The Rwanda genocide was his wake-up call, which both dashed his belief in an all-powerful God and increased his resolve to pursue Goodness in place of religion. Explains Martin, 'When I capitalize Goodness, I mean more than just aspiring to be good. I mean bowing to Goodness the way religious people bow to God. I mean letting Goodness in all its forms—love, justice, compassion, mercy, kindness, etc.—guide and govern my life the way many faiths say God should govern our lives.' As we taught our kids at Christmastime, we need to be good for goodness’ sake.

This is an honest and heartfelt journey, about loss and new discovery, and post-Christian meaning. Many people are already taking this next step. By understanding God as a metaphor for Goodness, our spirituality once again rings true.

Lee Harmon (The Dubious Disciple), Amazon reviewer (4 stars)

Keith Martin has searched for God much of his life. Naturally, he would want to share the fruits of his quest with his beloved children, Ryan and Carol-Lee. That is what this book is. It is the sharing of his discoveries, so that his children might one day benefit from his lifelong pursuit.

Mr. Martin makes a lot of sense in this little book. He explains his answers to many things that most people want answers for. One question he answers is, “How can a just and loving God allow his children to suffer so?” He gives his readers his ideas on what God is. He gives clear examples and evidence as to his reasoning, too.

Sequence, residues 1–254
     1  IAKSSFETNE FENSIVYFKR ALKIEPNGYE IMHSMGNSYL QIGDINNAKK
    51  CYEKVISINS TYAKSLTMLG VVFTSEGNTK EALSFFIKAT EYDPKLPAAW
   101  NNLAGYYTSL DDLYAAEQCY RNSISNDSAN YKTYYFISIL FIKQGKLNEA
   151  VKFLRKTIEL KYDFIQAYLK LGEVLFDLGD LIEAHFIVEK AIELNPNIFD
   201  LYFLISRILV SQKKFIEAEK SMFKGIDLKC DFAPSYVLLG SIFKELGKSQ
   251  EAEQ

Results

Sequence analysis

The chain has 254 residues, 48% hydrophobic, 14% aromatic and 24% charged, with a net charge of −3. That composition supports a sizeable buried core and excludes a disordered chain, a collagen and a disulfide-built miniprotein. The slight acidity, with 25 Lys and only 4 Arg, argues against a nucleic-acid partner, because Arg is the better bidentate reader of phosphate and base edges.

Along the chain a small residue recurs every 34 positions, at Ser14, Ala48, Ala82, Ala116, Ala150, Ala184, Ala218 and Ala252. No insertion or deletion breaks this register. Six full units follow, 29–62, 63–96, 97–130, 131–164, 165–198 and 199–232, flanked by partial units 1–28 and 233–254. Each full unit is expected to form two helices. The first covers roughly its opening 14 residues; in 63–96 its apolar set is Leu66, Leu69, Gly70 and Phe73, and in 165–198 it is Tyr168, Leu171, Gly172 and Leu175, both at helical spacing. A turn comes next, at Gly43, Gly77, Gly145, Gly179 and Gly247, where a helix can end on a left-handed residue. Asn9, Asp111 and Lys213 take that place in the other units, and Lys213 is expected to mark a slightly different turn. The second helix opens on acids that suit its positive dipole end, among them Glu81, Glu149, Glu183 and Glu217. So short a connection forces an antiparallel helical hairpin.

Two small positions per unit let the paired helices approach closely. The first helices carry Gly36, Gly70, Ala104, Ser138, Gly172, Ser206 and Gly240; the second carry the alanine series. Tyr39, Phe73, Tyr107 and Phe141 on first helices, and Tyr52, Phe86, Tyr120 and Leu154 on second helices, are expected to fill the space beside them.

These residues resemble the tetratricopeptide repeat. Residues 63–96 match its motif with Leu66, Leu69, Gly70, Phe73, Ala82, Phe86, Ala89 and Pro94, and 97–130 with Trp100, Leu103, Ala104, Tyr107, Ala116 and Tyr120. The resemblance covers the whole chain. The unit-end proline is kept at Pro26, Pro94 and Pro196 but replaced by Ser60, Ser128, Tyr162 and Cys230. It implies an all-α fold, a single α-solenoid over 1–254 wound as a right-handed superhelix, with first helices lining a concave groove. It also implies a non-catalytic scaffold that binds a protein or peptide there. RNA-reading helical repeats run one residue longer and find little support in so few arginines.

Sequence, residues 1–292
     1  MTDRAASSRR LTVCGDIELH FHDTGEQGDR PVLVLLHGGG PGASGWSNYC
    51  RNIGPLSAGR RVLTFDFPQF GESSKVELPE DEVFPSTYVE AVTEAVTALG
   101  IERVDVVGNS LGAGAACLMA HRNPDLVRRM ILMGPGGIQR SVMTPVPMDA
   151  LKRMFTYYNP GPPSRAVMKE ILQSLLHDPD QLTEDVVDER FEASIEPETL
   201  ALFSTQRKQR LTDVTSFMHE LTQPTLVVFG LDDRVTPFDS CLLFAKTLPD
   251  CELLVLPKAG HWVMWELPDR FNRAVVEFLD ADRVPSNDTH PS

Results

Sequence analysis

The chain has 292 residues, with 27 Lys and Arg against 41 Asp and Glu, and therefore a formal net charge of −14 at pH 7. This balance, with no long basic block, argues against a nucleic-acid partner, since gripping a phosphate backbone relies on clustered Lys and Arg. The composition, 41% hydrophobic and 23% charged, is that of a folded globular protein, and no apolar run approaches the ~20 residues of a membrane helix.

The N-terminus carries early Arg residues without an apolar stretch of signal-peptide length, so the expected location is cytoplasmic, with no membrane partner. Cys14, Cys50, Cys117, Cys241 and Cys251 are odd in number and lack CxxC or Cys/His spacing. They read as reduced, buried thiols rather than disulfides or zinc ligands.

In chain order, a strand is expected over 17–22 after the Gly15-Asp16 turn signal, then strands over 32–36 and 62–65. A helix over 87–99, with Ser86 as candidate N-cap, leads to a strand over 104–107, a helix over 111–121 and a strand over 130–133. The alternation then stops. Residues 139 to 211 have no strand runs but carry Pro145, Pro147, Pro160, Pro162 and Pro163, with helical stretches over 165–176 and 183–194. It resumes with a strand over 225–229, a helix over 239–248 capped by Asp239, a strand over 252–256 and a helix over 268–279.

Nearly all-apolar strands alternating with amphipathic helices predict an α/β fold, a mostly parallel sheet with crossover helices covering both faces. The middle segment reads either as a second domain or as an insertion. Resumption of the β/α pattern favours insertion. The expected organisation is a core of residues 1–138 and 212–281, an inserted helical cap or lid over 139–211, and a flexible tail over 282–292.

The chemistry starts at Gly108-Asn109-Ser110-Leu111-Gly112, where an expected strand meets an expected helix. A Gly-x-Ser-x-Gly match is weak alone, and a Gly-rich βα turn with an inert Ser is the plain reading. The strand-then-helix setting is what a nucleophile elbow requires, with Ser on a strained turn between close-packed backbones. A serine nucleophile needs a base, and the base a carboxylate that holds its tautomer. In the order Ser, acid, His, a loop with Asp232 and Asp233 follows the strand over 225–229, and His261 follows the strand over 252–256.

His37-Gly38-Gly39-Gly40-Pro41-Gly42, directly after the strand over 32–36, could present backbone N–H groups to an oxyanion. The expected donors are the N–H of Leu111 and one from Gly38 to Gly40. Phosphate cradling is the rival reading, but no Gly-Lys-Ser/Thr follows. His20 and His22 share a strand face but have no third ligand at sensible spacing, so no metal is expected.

This interesting book is well worth reading. Martin’s logic is sound, and the results of his search are too. This little book is definitely food for thought.”

 Sandra Brazier, Amazon reviewer (4 stars)

Keith Martin's Seismic Shift is, in my view, a book about sadness, loneliness, and loss. Martin proposes, in good faith I'm sure, that our longing for a personal God be replaced by a commitment to goodness, given his fairly conventional notion as to what goodness means. Insofar as this commitment is shared by others with whom we closely associate, Martin's idea has promise. . . .

Nevertheless, in the absence of belief in a personal God, one who transcends time and all other boundaries, one who knows us and whom we may know, commitments, even as noble as a commitment to goodness, are ultimately grounded in nothing more substantial that social conventions. . . . Social conventions are, by their very nature, transitory and mutable. . . . Without an eternal, knowing, and active divine presence to provide an eternal and unchanging foundation, it seems reasonable to ask who are we to decide what is good? Who are we to decide that goodness is the most worthy objective? . . .

Still, in spite of my deep-seated reservations, I'm glad I read Seismic Shift. I'll very likely give it more thought than anything else I've read recently.

Bob Bickel ("not a natural"), Amazon reviewer (4 stars)